So you know all that hand-wringing and second-guessing I was doing about the fate of Marvel’s cosmic characters? Turns out it’s all for naught as Bendis is bringing them back himself. Hot on the heels of “You Know Who” appearing in the end credits of “The Avengers” the Guardians of the Galaxy will be back in issue six of “Avengers Assemble.” This comes after “You Know Who” himself has put in an appearance in the third issue of that series. It’s nice that they’re giving the characters a push like this even though the thinking behind the book itself annoys the hell out of me. See, “Avengers Assemble” is an “Avengers” book with a team made up of the members from the recent movie with the idea being that it can then be pitched to said movie with a minimum of fuss. As Marvel has demonstrated over the years, this NEVER results in attracting new readers beyond the first issue as sales promptly crash afterwards. One needs to look no further than “The Invincible Iron Man,” “The Mighty Thor,” and “Captain America” for proof of this. Still, someone keeps thinking this is a good idea, so we’re going to keep seeing it for the forseeable future. At least the titles themselves have produced some worthwhile stories... without any pretense of trying to appeal to fans of said movies.
Ultimate Comics Spider-Man #13: This is billed as being a tie-in to the “Divided We Fall” crossover running between “Ultimate Comics Ultimates” and “Ultimate Comics X-Men.” It’s notable for the fact that this is only the second time this title has acted in such a capacity -- the first was in the issues that closed out the first volume as part of the “Ultimatum” event. I think it’s kind of odd to see this title function in that capacity, since you’d figure that Bendis would have enough clout to say that he doesn’t want to participate, but all the “Ultimate” titles need all the sales they can get these days.
Daredevil #17: It’s not mentioned in the solicitations on Comic Book Resources, but this issue is going to have art from Mike Allred. That sounds too awesome for just one issue. There will be more, right?
Hawkeye #1: The last series to star the character lasted only seven issues in the early aughts. Given that this is being written by Matt Fraction with art from David Aja (for the first arc at least) I can see this lasting a bit longer. After all, the Bendis/Maleev version of “Moon Knight” made it to twelve.
The Mighty Thor #18, Journey Into Mystery #642, Daredevil Annual #1, Wolverine Annual #1: All of these feature art from Alan Davis with the latter two being double-sized. That means we’ll be seeing over a hundred pages of art from him this month. Dude’s been busy, with some ferocious lead time on these projects too.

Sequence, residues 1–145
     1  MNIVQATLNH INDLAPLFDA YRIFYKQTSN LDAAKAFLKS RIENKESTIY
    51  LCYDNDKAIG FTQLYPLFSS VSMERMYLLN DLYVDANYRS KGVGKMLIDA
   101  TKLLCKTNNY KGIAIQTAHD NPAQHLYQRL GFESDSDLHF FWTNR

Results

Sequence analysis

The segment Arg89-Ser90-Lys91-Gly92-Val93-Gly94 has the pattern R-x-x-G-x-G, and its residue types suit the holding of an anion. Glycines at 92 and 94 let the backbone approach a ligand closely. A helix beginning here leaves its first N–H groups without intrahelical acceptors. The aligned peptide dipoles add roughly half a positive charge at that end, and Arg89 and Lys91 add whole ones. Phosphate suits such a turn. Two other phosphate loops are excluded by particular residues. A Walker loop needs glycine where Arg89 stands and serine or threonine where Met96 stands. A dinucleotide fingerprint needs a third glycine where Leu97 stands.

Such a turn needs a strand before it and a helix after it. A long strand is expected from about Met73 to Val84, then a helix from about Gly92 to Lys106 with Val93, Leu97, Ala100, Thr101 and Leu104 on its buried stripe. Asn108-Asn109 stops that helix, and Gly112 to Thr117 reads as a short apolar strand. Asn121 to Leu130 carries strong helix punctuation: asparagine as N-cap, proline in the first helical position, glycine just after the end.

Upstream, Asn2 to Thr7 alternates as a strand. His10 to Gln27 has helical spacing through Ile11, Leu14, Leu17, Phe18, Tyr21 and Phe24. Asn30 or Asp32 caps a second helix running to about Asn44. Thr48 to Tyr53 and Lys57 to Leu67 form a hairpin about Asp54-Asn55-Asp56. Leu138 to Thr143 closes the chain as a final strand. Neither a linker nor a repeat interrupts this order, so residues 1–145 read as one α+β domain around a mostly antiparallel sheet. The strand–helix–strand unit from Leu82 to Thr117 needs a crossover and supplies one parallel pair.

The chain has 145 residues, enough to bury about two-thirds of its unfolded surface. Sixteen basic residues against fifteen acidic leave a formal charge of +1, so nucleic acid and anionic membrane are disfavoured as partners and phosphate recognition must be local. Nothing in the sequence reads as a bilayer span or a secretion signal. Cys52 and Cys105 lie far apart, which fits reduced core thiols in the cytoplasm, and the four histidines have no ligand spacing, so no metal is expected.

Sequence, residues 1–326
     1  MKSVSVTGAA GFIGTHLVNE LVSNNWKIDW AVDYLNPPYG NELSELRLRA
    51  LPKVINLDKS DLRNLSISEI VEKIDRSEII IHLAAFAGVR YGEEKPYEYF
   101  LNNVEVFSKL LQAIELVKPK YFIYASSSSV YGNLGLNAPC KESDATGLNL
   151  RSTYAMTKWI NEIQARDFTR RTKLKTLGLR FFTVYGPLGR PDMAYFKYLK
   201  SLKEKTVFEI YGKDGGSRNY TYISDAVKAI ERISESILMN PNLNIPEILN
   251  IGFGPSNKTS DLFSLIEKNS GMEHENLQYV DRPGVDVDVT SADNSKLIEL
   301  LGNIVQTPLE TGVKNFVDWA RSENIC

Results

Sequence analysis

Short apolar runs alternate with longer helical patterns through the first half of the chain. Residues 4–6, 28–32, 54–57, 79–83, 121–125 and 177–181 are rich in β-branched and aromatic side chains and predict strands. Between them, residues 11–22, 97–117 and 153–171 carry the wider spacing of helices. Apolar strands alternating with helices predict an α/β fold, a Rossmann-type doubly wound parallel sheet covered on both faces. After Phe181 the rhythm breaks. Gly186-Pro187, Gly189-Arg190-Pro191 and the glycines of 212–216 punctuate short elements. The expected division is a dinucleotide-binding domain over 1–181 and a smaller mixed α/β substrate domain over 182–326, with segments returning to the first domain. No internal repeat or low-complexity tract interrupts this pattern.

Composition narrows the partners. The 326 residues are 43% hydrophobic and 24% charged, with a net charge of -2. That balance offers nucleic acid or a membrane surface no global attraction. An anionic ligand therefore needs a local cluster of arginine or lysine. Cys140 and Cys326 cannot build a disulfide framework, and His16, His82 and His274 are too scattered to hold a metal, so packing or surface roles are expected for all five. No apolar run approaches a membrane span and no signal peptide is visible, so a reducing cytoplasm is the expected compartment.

Fear Itself: It took about seven months, but we’re finally being graced with the paperback edition of Marvel’s next-most-recent crossover. Everything I’ve heard about it has screamed “Wait for the trade paperback, or just skip it entirely” as this came off as the least focused of any of their crossovers since “House of M” kicked off the narrative that wrapped up in “Siege.” Apparently the idea is that an old pre-Asgard evil god has come back and is spreading fear throughout the world while transforming certain heroes and villains into unstoppable engines of destruction. It’s a decent enough jumping off point for more superhero face-punching action and the one friend I know who did read this liked it. Eh. We’ll see.
Fear Itself: Journey Into Mystery and Journey Into Mystery: Fear Itself Fallout: It’s a naming convention that would confuse lesser readers, but make no mistake: Marvel is releasing two volumes of the Kieron Gillen-written series about Kid Loki’s adventures in the crossover. Comparisons to “Sandman” have been tossed about whenever this series is mentioned, but I think that’s setting the bar a little too high. Regardless, with Gillen involved both volumes should be great reads.
Ultimate Comics Ultimates vol. 1 & Ultimate Comics X-Men vol. 1: The former I’m buying because it’s Hickman at the helm. Though the premise for the story, superpowered beings emerging from a place called “The City” and stomping all over our heroes, sounds a bit too close to the “Children of the Vault” from Mike Carey’s “X-Men” run I’m betting the writer has something clever in mind to set his take apart. As for the latter, it’s been a while since I’ve read an “Ultimate X-Men” story and I’ve liked what I’ve read of Spencer in “Morning Glories” and “Forgetless.” Neither of these series have set the world on fire sales-wise or creatively, but even if they do turn out to be failures I’m betting that they’ll be interesting ones at least.
Elektra: Assassin: Hey everyone, remember when Frank Miller could be counted on to produce groundbreaking, boundary-pushing and most importantly GOOD comics? Yeah, it seems like the man has let his “legendary creator” status go to his head and his quality and output have both fallen off a cliff in recent years. However, he did create so many great comics for Marvel, DC, Dark Horse and others that his “legendary” status is secure no matter what he chooses to do next. This, is one of those classic projects. A mindbending take on the iconic female ninja assassin he created, “Elektra” will confuse and mystify you until everything snaps into place and you see that Miller had everything planned out all along. It also features some of Bill Sienkiewicz’s best art as his impressionistic, over-the-top style was exactly what this story needed and gave it a look that’s still unique in comics today. So if you’ve never read this, here’s an opportunity to fix that now.